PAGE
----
If you thought the phone-hacking row was all over...

Nick Robinson
Political editor

Houses of ParliamentImage source, Getty Images
Image caption,
Parliament has, once again, been at the centre of this national debate

It's not.

The Murdoch empire may have dropped its bid for BSkyB. The News of the World may have been closed. The police may have arrested eight people already and have more in their sights.

A judge-led inquiry into the behaviour of and relationships between the media, politicians and the police may have been set up. However, there is more, much more, to come.

News Corp must now decide whether to hold on to its other papers, its executives and its links with the Murdoch family.

Ofcom must decide whether, on the basis of what they already know, they will investigate whether News Corp is a "fit and proper" owner - and if it decides it isn't that could even cost News Corp its existing 39% stake in BSkyB.

The government must decide whether to change competition law to re-define who can own what in the media and to alter the way the "fit and proper" test works to cover organisations as well as individuals. The prime minister hinted in the Commons that they would.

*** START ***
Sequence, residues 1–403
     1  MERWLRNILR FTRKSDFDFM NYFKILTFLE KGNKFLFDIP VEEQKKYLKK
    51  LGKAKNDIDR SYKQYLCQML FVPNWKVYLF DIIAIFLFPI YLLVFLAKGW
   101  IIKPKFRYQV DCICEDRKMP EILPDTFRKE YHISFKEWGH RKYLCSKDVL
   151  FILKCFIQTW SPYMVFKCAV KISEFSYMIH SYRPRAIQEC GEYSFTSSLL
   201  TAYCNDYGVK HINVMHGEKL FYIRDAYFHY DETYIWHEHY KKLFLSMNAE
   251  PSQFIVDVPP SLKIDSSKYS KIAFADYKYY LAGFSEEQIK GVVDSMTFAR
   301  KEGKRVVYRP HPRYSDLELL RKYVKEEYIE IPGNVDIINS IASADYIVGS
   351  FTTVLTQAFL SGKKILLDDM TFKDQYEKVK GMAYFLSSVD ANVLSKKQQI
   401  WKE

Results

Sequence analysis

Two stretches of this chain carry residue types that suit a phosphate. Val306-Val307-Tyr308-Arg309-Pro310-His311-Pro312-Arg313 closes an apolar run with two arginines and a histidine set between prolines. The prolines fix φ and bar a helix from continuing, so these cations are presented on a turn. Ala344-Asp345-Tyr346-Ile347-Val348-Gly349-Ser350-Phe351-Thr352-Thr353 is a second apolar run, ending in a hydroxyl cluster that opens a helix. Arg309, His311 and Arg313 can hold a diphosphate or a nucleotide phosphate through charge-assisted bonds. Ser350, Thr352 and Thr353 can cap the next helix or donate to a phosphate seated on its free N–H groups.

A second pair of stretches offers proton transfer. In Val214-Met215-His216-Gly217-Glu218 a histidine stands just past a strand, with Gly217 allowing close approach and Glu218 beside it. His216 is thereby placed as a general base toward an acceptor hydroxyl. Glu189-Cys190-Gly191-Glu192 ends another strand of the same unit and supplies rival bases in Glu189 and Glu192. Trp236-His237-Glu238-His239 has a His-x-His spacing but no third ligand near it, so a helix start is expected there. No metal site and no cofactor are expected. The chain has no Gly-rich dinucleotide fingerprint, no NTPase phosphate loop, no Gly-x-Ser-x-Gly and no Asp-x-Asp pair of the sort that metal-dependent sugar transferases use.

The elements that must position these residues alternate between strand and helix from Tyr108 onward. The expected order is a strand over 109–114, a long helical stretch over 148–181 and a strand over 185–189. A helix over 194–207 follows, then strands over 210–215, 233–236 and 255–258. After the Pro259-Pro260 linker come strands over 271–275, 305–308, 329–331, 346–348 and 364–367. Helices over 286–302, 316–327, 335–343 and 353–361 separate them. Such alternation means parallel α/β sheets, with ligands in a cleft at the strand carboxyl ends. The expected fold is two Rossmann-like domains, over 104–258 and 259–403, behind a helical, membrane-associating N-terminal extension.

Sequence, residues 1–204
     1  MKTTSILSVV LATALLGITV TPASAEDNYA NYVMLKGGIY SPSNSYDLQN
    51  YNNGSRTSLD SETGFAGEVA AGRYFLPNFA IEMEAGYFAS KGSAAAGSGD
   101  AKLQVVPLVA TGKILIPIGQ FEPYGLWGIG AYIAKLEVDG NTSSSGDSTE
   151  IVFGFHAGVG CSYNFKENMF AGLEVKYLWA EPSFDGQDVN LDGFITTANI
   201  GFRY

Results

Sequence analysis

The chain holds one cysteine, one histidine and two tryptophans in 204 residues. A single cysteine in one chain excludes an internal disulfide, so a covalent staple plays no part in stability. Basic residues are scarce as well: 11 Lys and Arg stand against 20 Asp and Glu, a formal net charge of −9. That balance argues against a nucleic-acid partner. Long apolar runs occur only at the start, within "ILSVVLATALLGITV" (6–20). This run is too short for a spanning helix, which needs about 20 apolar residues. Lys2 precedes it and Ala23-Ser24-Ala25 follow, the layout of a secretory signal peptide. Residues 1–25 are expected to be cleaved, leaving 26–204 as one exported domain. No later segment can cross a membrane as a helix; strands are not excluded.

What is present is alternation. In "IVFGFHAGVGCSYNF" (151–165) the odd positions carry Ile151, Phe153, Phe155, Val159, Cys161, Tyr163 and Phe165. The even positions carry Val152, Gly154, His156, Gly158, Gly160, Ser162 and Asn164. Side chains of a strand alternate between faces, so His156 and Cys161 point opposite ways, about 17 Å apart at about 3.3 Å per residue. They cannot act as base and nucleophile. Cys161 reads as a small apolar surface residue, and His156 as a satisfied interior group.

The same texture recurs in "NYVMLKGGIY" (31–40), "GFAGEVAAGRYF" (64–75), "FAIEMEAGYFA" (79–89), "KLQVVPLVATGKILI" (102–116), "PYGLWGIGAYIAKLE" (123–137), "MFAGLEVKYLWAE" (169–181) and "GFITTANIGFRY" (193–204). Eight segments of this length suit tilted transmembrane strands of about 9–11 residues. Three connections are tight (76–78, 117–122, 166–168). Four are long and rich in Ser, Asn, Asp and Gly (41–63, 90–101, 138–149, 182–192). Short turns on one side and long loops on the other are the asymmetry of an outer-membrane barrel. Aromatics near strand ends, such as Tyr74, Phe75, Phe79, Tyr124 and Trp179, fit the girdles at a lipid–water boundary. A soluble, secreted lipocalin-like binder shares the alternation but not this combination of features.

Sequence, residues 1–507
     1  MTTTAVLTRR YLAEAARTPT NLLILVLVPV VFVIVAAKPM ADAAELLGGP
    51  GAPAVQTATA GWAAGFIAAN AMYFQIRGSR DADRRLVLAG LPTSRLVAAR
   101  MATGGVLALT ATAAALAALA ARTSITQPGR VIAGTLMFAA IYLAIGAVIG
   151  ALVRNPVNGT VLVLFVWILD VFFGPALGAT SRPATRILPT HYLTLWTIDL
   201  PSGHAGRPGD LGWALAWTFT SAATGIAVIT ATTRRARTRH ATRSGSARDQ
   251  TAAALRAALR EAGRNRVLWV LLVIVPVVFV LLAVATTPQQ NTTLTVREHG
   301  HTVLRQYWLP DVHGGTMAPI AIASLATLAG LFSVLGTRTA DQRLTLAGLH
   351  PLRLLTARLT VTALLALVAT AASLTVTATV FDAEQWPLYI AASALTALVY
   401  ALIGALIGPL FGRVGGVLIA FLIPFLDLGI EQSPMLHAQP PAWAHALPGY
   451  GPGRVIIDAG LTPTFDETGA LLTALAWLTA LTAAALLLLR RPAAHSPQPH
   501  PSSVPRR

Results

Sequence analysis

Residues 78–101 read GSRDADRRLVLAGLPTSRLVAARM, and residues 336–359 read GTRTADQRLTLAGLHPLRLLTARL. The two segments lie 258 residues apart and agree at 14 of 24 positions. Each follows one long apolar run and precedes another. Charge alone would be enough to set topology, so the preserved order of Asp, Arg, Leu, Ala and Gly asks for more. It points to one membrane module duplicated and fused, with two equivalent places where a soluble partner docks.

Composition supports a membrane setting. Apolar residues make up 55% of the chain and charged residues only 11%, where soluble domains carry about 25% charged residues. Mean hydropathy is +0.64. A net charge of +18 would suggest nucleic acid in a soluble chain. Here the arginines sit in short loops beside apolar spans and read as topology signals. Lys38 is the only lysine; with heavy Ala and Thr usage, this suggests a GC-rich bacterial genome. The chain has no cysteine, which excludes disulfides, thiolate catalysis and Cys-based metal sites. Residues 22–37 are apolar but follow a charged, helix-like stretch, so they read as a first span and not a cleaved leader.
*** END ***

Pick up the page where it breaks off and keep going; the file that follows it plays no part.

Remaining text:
Downing Street must start to publish details of which minister has met which media executive or proprietor. Labour will be under pressure to match whatever they do.

Team Cameron will be asked to publish an account of the checks that led to the appointment of Andy Coulson as director of communications and to explain why the prime minister was not told by his closest aides that Coulson had hired a criminal when he was editor of the News of the World.

And so on and so on.

All this as the police still have to inform more than 3,000 people that they were possible victims of hacking - each of whom may start legal proceedings or brief the media.

All this as an inquiry will begin with significant powers and a huge remit.

All this as Rupert Murdoch's enemies smell blood.

What about the politics of all this?

Ed Miliband has had a major victory. He will be desperate to keep this story going.

David Cameron has had a major scare. Until today he has looked under the spell of events rather than in control of them. He has, however, now done all of what has been asked of him.

The dangers for him, though, are far from over - although today's announcements may take some of the immediate pressure off him the questions about his appointment of Andy Coulson and his relationships with the Murdochs and their lieutenants will mean that life remains very uncomfortable.

The so-called Tory press will either be self absorbed (in the case of The Sun) or on the defensive (the Mail and Telegraph fear what regulatory regime may now be set up).

Parliament has, once again, been at the centre of this national debate.

The political classes will feel tonight that they have stood up to Rupert Murdoch and won - for now.